Vitamins might be stated as organic compounds taking in small amounts in different natural foods and essential for the growth and maintenance of good health in human beings.

They can't be synthesized in the body however supplied by the diet to the human body. Plants generate all vitamins however animal (human) stores them. Some are generated in the body example:  Pro-vitamin carotene is transformed into Vitamin A in the body and Vitamin D is generated in the body in the presence of ultraviolet radiation.

Vitamins are categorized into two groups.

a) Fat-soluble vitamins: These vitamins are soluble in fats and fat solvents. But they are insoluble in water. Therefore these are used only when there is adequate fat in the body example: Vitamin A, D, E and K.

b) Water-soluble vitamins: These vitamins are (heterogeneous group) soluble in water and therefore they can't be stored in the body. Eleven kinds of vitamins are comprised in this class.

Water:

Around, 70% of the body is water chemical reaction occurs in water and it is as well means of transport. Substances like excretory products hormones, enzymes and digested food are transported in water and it play a significant role in regulating the body temperature. It is significant in digestion of food and excretion of the waste product.

Transport in Animals:

The major materials to be transported in animals comprise digested food, water and nutrients, oxygen, excretory products like carbon-dioxide, water, urea and hormones. These materials are transported in solution. In simple organisms such as paramecium and amoeba, water and cytoplasm both act as transport media. In animals, the blood is a medium of transportation. Intercellular fluid and lymph are the parts of blood.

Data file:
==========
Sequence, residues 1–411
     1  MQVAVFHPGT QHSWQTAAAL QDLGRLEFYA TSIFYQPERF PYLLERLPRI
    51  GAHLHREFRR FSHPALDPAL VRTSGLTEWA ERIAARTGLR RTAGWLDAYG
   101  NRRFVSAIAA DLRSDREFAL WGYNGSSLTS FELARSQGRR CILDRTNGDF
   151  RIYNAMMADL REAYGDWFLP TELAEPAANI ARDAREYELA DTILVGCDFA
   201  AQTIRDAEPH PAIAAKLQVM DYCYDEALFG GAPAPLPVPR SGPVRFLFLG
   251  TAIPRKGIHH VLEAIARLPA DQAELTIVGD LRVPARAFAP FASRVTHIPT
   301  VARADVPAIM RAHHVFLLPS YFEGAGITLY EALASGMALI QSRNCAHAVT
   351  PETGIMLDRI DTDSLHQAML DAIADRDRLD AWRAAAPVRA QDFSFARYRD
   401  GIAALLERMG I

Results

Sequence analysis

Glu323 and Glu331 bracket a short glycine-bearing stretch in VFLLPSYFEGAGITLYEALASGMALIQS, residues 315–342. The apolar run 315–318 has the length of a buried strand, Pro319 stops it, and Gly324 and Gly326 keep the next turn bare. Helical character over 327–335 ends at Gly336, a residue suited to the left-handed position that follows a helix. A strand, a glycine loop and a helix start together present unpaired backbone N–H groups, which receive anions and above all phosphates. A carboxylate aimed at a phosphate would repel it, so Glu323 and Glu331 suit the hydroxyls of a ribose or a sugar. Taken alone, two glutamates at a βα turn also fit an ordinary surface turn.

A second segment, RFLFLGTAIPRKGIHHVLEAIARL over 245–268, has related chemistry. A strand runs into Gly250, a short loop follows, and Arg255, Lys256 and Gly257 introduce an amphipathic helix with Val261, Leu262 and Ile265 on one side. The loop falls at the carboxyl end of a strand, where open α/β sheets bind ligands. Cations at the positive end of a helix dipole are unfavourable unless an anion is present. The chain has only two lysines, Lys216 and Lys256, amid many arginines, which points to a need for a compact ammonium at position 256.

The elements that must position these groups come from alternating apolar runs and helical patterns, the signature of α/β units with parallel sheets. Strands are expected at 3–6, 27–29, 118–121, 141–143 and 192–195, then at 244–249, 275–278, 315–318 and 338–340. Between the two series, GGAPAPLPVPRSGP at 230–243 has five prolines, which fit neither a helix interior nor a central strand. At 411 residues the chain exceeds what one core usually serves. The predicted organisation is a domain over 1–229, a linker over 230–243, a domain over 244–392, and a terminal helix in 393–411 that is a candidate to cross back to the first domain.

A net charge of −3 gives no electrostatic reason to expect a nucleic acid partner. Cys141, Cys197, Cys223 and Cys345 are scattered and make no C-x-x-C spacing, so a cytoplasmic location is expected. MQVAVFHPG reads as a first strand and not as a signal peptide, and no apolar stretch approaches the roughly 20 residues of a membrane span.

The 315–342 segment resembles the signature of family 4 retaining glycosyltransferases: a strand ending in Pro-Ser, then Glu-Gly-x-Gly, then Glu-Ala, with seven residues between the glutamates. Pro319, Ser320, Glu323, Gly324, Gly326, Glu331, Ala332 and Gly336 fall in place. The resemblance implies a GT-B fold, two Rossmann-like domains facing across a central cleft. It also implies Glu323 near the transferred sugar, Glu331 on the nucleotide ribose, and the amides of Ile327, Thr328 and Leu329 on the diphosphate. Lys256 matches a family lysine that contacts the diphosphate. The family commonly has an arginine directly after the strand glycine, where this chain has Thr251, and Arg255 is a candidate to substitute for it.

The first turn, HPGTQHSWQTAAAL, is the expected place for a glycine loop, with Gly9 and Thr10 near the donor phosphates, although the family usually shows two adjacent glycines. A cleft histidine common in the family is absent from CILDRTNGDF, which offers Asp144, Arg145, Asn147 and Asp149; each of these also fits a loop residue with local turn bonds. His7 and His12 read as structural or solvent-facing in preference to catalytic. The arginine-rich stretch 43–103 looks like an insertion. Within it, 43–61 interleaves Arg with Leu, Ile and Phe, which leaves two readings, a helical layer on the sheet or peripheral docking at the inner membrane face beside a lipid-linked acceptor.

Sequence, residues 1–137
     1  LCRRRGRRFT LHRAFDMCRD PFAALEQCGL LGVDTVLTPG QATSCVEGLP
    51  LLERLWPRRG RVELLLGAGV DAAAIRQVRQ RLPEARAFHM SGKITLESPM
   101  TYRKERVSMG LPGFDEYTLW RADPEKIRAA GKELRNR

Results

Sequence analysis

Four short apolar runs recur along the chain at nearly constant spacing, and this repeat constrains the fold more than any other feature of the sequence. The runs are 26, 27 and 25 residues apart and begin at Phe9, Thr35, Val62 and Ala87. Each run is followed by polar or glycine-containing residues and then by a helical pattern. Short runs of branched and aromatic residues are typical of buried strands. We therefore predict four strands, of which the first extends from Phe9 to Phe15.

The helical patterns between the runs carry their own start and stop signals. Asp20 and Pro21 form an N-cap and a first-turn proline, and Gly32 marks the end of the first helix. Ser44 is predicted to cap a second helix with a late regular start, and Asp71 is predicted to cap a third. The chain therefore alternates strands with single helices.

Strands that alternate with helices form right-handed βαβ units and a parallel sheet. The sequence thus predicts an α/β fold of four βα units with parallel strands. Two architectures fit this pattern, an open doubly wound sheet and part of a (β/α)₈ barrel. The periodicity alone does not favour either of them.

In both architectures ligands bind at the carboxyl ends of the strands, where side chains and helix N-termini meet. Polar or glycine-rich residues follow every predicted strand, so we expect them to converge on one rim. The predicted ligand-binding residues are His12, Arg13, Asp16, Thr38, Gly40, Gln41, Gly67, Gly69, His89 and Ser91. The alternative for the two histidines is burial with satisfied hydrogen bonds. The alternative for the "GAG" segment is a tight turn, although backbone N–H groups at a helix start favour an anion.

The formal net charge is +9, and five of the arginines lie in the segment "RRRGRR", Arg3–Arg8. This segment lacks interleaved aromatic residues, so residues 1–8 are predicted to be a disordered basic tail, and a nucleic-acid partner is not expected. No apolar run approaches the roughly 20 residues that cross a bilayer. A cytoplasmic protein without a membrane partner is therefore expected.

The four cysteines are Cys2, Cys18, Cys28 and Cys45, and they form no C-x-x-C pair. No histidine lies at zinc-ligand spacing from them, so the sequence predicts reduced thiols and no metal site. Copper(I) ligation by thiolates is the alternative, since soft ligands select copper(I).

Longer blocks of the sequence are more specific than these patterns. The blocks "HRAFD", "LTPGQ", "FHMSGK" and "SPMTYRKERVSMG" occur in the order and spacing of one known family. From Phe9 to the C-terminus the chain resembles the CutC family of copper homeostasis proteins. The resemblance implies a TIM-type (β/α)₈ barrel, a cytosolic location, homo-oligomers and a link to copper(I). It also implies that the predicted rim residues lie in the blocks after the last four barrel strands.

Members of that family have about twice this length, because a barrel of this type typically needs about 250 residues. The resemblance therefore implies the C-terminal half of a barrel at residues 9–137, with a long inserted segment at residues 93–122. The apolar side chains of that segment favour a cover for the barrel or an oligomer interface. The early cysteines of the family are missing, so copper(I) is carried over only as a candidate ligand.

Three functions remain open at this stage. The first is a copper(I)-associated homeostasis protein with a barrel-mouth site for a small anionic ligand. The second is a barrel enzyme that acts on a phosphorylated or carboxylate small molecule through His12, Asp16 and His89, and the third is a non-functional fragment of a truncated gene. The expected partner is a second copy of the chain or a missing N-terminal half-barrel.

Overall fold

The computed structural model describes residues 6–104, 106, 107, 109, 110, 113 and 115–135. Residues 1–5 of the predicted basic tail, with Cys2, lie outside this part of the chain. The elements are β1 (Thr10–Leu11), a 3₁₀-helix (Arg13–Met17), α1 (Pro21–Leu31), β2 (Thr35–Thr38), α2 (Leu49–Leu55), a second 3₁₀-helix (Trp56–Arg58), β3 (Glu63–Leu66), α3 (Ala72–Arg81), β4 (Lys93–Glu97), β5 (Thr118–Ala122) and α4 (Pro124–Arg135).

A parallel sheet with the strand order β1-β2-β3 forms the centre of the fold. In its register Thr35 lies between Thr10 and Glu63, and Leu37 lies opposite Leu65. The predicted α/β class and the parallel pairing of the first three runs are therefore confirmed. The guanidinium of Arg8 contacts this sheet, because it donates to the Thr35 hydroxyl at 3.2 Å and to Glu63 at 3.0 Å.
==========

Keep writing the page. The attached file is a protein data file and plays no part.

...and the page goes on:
Transportation is needed to:

a) It regulates body temperature by distributing the heat.

b) Maintain water balance in the animals.

c) Send food substances to areas of active cell division, development and growth.

d) Take hormones from ductless glands to the target organs.

Transport system is as well termed as circulatory system. Circulatory systems encompass the following features:

  • The blood (that is a circulating fluid).
  • The heart that is a 'pump' which send the fluid to all portions of the body.
  • Vessels or tubes which carry the fluid to various parts of the body.